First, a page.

The chain above is almost new, so each link still is exactly one inch long. If the pin is more than 1/16 inch beyond the 12-inch mark, the chain has worn (“stretched”) so much that it should be replaced.
When the chain is off, I spin the cranks to see whether my bottom bracket turns smoothly. There should not be any grinding or catching, but just a smooth spin. I also spin my rear derailleur pulleys to check that they still turn smoothly.
The wear of the rear cogs is difficult to inspect visually. I know they are worn when I install a new chain, and it skips on some cogs under hard acceleration.
Chainrings are easier to inspect. Worn chainrings have a “shark tooth” profile, if the old chain has been used for too long. I replace my chain regularly, so the teeth just get thinner as they wear. When the teeth have visibly “thinned,” I replace the chainrings to reduce the wear on the chain and to keep my drivetrain running smoothly.
If the chain feels “rough” when I pedal, I check whether my cogs still have all their teeth (above). On my Urban Bike, I have stripped teeth off high-quality Dura-Ace 6-speed cogs. That bike sees a lot of torque when starting from a stop with a load of books on the rack.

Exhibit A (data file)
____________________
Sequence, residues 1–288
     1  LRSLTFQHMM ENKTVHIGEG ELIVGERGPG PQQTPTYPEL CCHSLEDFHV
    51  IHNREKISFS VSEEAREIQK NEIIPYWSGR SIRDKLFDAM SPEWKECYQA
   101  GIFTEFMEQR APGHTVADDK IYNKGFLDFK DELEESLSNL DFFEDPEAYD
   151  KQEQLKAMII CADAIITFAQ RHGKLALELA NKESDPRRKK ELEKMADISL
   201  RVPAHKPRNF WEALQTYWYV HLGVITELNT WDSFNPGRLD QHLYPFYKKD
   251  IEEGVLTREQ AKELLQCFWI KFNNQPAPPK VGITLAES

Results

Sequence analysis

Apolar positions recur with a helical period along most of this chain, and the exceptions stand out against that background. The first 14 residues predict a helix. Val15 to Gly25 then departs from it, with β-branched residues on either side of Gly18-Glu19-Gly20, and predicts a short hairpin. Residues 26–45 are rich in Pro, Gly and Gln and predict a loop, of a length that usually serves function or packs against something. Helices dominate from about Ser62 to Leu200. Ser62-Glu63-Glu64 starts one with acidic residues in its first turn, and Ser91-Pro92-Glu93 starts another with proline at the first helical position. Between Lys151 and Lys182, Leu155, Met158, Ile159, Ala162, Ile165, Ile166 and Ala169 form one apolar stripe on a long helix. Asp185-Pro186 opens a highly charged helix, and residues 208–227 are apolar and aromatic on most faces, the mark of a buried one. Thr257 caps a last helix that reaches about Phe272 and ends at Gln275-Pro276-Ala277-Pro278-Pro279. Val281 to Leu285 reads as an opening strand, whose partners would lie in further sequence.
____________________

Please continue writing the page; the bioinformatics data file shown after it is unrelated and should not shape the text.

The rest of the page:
Derailleurs and Cable
Derailleurs don’t usually suffer from much wear. Trouble usually comes from the shifter cables, which eventually fray and break (above). With downtube shift levers, it’s easy to check the cables at the shift lever. With modern brake/shift levers, it is harder to see whether the cable has frayed where it bends the most. I suggest taking the cables out and checking them once a year. A broken shifter cable will convert your bike to a single-speed, and not with the gearing you’d want!
I also check the brake cables. If the cables are frayed or have broken strands, they should be replaced. With broken strands (or worse, broken cables), look for the cause. Is there a burr over which the cable runs, causing it to flex more than necessary? It’ll need to be smoothed so the new cable won’t fail in the same spot.
I also inspect the housing. Is it in decent shape and without kinks? If your bike still has unlined housing, you can replace it with modern housing, which has a plastic liner inside that greatly reduces the cable friction.